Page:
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Much has been talked about the impending technological revolution for the education sector. Some even say teaching is the next profession where robots replace humans. Depending on which side of the debate you’re standing, technology is either seen as a magic bullet that will provide every student with a personalised curriculum or as the dystopian endgame that will see our youth sever their last ties to our shared reality. And then there are those who say education is such a conservative field that no amount of innovation can tear us away from our beloved chalk-and-blackboard combo.

With such a range of opinions, it’s hard to say where exactly education and technology are headed, but we’ll do our best to cover the present and future of edtech. You can read about the future of technology in education in future blog posts.

But before we get to that, let’s start with the obvious – a quick overview of the current state of education in the world:

The world (of) learning

Over the last half a century, we have made wonderful progress in making education accessible to much of the world’s population. Primary school enrolment levels are at all time high:

And they’re projected to keep rising.

Literacy, too, is booming across the planet:

As you can see from the data, especially big strides have been made in the developing world. While still lagging behind North America and Europe, sub-Saharan Africa and South Asia are making progress in closing the gap.

In the grand scheme of things, the data seems to be painting a rather rosy picture. Even the much-maligned gender gap leading to more men than women getting an education is closing in many (but not all) countries.

The other side of the coin

But, as usual, there’s another picture to be painted. What the data don’t show is what the future holds.

By the midpoint of the current century, Africa is projected to house most of the world’s school-aged children. And, coincidentally, that is also the continent that struggles the most with literacy rates and providing quality education. In much of sub-Saharan Africa, literacy skills remain among the lowest on the planet, while school exclusion is still a major issue. Of course, Africa is a huge continent with a vast variety of different countries, policies, and issues. So, for example, in countries such as Kenya, Botswana, and Eswatini, primary education is virtually universal, while some (South Sudan, CAR, and Equatorial Guinea, among others) still struggle to fill their classrooms, according to the World Bank.

But it’s not just Africa that’s facing issues: everywhere across the world, countries are struggling to find qualified educators to fill their schools: there are almost 69 million teachers missing globally. And, of course, just because a classroom exists and students are in it, doesn’t mean they’re acquiring knowledge.

Despite global gains, low literacy remains an issue. In 2017, only 37% of fourth-graders in the US qualified as proficient readers. The data is especially disconcerting considering the staggering racial disparities that still exist: while 47% of white children were considered proficient, only 20% of black and 23% of hispanic students managed the same. To make matters worse, literacy rates don’t seem to be improving much: in 2015, the percentage of children at “proficient” was 36.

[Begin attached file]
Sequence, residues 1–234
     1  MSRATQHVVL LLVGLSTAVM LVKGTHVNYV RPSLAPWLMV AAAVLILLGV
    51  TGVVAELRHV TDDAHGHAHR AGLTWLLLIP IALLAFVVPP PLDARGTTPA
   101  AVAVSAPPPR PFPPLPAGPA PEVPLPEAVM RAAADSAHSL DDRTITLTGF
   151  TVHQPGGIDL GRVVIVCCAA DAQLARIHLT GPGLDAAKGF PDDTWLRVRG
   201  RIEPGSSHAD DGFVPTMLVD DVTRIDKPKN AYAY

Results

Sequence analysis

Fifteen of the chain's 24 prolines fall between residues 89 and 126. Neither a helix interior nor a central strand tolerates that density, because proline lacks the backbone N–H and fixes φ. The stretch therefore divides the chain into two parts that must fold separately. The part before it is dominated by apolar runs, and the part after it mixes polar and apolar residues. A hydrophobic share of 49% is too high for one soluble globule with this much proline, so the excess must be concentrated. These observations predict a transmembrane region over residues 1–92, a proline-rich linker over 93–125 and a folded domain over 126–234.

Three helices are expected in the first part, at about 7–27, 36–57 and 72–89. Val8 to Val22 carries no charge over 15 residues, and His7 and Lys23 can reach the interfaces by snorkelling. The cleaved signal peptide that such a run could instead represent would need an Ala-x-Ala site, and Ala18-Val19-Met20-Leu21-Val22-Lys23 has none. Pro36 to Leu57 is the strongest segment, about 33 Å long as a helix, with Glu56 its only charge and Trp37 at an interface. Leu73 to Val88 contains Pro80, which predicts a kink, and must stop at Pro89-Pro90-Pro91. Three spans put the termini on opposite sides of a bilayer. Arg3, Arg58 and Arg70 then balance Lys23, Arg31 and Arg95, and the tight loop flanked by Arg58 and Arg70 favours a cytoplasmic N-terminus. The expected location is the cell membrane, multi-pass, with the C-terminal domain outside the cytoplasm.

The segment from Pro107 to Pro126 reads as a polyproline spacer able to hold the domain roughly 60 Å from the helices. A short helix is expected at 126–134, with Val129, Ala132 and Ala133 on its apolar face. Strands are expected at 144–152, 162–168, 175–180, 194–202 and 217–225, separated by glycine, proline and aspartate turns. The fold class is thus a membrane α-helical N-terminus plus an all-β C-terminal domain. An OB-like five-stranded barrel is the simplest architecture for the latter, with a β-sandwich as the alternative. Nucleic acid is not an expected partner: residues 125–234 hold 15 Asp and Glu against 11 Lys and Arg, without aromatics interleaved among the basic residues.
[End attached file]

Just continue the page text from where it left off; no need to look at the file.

Is education in crisis?

On the one hand, we’ve made wonderful progress in the last couple of decades in promoting accessible education and limiting the gender gap. On the other hand, however, progress seems to be slowing down and different issues are cropping up.

It might also just be that we didn’t get the data right to start with.

Take literacy, for example. It’s a rather tricky thing to measure well. Many sub-Saharan countries equate their school-completion rates with literacy or rely on self-reporting, obfuscating the numbers. But when tested on their skills, less than 5 percent of children in primary schools in low-income countries qualify as proficient readers. All of that might mean that governments lack the information they’d need to start improving their educational systems.

The other issue often getting framed as the source of the crisis in education is the staggering lack of qualified teachers. From the UK struggling to fill positions to Uganda where many teachers simply don’t show up for work, countries around the world are facing a very uncertain future when it comes to their education systems.

All of this has caused many to turn to technology as a possible solution to many of the problems we covered.

Conclusion

The world has made tremendous strides in the right direction when it comes to providing education. Some countries have enforced a near-universal access to schooling, although the quality of the service vary wildly from country to country. Even in the developed world, achieving a high level of literacy remains out of reach for many, and the data coming from other parts of the world relay similar information.

The seeming dead-end our education systems are in (or, at least, marching towards) has lead to an every-growing interest towards EdTech as the possible solution. Facing a lack of 70 million trained teachers, it certainly seems like the only fix that could scale. You can read how technology can (and probably will) shape the future of education in the second part of the Future of Learning series.


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